Barragers Cleaners & Fire Restoration

Some Fundamentals

  • Stains should be treated as soon as possible to avoid damage to the fabric.
  • The longer a stain remains in a fabric the more difficult it is to remove.
  • Please note that if you do not know what the stains is or if you are having trouble removing the stain at home, please bring it in to your fabric care specialist.
  • When removing stains at home, work slowly and check your work frequently.
  • Be aware that a stain may behave differently depending on the fiber content, dye, finish and construction of the fabric.

A crash course...

Depending on the type, stains require either dry-side and/or wet-side stain removal treatment.

  • Dry-side
    • “Dry-side” stain removal agents come in the form of cleaning fluids or powders.
    • They do not contain any water.
    • They are effective on oil-based stains, such as rouge, mascara, foundation, ball point ink, rubber base adhesives, cooking and motor oil, tar, and cooking grease to name a few.
    • This type of stain removal will have no impact on stains that need to be dissolved in water.
    • Solvent-based products can be purchased at your local super market
  • Wet-side
    • “Wet-side” stains are water-based-it takes some form of water to remove these stains.
    • These types of stains include soft drinks, milk, ice cream, wine, coffee, tea, mustard, and grass to name a few.
  • A little of both
    • Some stains need to dissolve partially in cleaning fluid and partially in water - such as lipstick.
    • When conducting both types of stain removal always do the "dry" procedure first.
    • Other items which need both dry and wet treatment include shoes polish, gravy, paint, and salad dressing to name a few.

Remember some stains need to be chemically changed before they are removed - such as dried on blood, paint or egg. In these cases it is safer for your clothes if you let a fabric care specialist take of them - just bring them in and we'll remove them.

Stain Removal Rules

You are now ready to roll up your sleeves and tackle some stains, but be sure to remember these five rules while you're working.

Rule One:

  • Always test for color fastness before applying any stain removal agent.
  • Blot a small amount of the agent on an inconspicuous area of the garment with a white cloth.
  • If any traces of dye appear on the cloth, do not use that agent. It is not safe to use on the garment.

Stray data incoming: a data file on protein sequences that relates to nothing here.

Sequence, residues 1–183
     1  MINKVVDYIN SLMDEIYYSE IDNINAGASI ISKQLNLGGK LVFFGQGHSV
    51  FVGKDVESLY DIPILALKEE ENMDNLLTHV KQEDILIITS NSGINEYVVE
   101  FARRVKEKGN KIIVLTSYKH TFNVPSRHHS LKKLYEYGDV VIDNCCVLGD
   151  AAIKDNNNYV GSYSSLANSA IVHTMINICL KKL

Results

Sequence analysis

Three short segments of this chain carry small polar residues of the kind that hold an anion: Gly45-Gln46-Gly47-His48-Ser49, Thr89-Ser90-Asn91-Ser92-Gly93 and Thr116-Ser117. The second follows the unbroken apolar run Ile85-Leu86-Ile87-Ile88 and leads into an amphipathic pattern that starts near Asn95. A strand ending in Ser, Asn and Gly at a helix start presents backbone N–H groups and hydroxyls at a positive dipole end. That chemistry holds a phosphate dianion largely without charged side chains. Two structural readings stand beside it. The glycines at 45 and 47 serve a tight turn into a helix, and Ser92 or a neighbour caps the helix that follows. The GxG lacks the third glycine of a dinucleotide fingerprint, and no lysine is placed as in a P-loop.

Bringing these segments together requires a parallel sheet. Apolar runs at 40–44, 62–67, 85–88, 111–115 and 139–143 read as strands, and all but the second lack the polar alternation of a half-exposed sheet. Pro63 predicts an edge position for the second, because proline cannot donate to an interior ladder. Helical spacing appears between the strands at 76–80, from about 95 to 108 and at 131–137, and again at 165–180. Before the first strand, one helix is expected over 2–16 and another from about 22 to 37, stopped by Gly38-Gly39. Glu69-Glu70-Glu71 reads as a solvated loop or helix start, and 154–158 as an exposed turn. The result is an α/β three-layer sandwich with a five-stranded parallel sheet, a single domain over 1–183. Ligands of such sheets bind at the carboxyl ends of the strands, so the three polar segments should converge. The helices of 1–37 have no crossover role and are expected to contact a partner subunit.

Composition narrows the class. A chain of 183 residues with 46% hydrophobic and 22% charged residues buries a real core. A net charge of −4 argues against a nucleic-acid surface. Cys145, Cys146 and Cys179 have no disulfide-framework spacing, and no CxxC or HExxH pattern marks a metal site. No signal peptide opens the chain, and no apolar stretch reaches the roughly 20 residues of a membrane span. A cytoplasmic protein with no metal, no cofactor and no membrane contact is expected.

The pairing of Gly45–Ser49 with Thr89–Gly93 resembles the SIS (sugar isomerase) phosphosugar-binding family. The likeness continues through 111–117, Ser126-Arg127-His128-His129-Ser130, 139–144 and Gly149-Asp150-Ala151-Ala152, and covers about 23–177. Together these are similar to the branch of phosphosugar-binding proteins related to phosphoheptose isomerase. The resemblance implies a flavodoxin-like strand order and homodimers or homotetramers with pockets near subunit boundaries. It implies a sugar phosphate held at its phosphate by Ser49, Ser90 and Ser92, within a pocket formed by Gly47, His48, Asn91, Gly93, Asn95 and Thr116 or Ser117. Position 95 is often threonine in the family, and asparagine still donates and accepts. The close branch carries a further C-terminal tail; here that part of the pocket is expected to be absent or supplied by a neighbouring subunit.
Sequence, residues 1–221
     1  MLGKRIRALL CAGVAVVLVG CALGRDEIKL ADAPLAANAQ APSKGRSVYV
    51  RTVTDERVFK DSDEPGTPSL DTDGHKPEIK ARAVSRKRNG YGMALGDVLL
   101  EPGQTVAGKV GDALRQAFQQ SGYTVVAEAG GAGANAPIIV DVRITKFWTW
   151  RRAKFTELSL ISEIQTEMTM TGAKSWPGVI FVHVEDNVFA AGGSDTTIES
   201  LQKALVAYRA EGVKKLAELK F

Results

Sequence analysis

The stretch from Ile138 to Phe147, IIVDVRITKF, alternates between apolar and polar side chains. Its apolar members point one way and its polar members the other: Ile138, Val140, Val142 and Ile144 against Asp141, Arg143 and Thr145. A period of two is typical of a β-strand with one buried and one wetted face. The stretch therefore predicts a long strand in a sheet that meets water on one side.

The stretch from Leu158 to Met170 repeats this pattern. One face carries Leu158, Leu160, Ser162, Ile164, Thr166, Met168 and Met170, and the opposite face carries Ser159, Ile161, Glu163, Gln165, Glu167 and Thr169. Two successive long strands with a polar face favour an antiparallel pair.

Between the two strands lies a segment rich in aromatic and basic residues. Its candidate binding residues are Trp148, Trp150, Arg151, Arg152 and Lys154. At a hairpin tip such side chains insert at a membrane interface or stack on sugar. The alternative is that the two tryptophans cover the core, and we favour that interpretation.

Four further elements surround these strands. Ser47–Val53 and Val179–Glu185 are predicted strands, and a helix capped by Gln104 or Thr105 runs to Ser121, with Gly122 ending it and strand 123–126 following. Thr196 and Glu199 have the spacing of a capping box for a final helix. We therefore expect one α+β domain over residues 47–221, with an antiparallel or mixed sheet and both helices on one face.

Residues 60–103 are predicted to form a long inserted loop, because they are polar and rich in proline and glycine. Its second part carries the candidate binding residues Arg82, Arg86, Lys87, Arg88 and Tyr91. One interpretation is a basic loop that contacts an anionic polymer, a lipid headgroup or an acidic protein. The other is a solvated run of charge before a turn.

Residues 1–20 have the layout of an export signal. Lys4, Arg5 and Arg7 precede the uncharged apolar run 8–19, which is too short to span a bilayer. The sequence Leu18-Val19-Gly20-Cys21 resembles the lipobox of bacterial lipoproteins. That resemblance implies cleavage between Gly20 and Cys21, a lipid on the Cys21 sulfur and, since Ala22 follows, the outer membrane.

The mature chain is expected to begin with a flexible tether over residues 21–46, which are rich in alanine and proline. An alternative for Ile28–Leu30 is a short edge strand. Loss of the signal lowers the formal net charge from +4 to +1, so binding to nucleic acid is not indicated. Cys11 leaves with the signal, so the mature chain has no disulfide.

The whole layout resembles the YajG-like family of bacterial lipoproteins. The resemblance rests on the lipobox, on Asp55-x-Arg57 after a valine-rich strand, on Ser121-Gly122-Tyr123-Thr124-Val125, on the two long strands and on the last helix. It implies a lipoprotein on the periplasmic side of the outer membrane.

Rule Two:

  • The longer a stain remains in the fabric, the harder it will be to remove, so act quickly.

Rule Three:

  • Blot stains- never rub or brush the stained area. This may damage the fabric.
  • Work from the outside edge of the stain toward its center so that a ring will not form around the stained area.

Rule Four:

  • Do not use more chemicals than you need.

Rule Five:

  • Place absorbent materials such as white towels or white paper towels under the stained area to absorb the stain and prevent it from spreading.
  • Change the position of the absorbent material to provide a clean area beneath the stain as necessary.

Stain Removal Methods

In the following list, look up the type of stain on the list, then follow the guide. Complete one step at a time. If the stain appears to be removed after only one or two steps. ..stop! Remember, if you are in doubt take your stained garments to a professional.

1. Blood, chocolate, egg, ice cream, milk, baby formula, vomit, perspiration :

  • Blot with water.
  • Use an enzyme detergent.
  • If the stain is still there use ammonia.
  • If the stain remains use hydrogen peroxid

2. Coffee, tea, mustard, wine, soft drinks, tomato sauce, soy sauce:

  • Blot with water.
  • Use a mild synthetic detergent.
  • If the stain remains use vinegar.
  • If the stain still remains use hydrogen peroxides.

3. Butter, furniture polish, grease, lip-stick, foundation, make-up, mayonnaise:

  • Blot with dry cleaning solvent.
  • If the stain is still visible use a mild synthetic detergent.
  • If that doesn't work, try ammonia.

4. Candle wax, crayon, chewing gum, paint:

  • Blot with solvent.
  • If any staining material remains treat area with a mild synthetic detergent and ammonia.
  • The last traces of colour matter may be removed with bleach .

Additional Tips

The following stains require a special procedure for removal.

1 . Ballpoint pen:

  • Apply dry cleaning solvent.
  • Blot until all bleeding stops, move towel as needed to absorb ink.
  • If the stain remainstreat itwith a mild synthetic detergent and house hold ammonia.

2. Mildew

  • Usually requires washing with chlorine bleach.
  • Be sure to test for colour fastness before using even on white garments.
  • Never use bleach on silk,wool,nylon or spandex.

3. Nail Polish

  • Never use this method on acetate fibres.
  • Be sure to test for color fastness before proceeding .
  • Blot the stain with acetone, moving the stained area as the towel absorbs the nail polish.

Materials Needed

1.Dry cleaning solvent:

  • Look for products that contain petroleum solvent, petroleum hydrocarbon or petroleum distillate.
  • Remember to follow the manufacturer's instructions for use.
  • Work in awell-ventilated area .
  • Never put garments with dry cleaning fluid on them in the washer or dryer.

2.Mild synthetic washing detergent:

  • 1 tbsp. per cup of warm water.

3.Household ammonia:

  • 1 tsp. per cup of water.

4.White vinegar:

  • 1 part vinegar to 3 parts of water.

5.Bleach

  • 3 p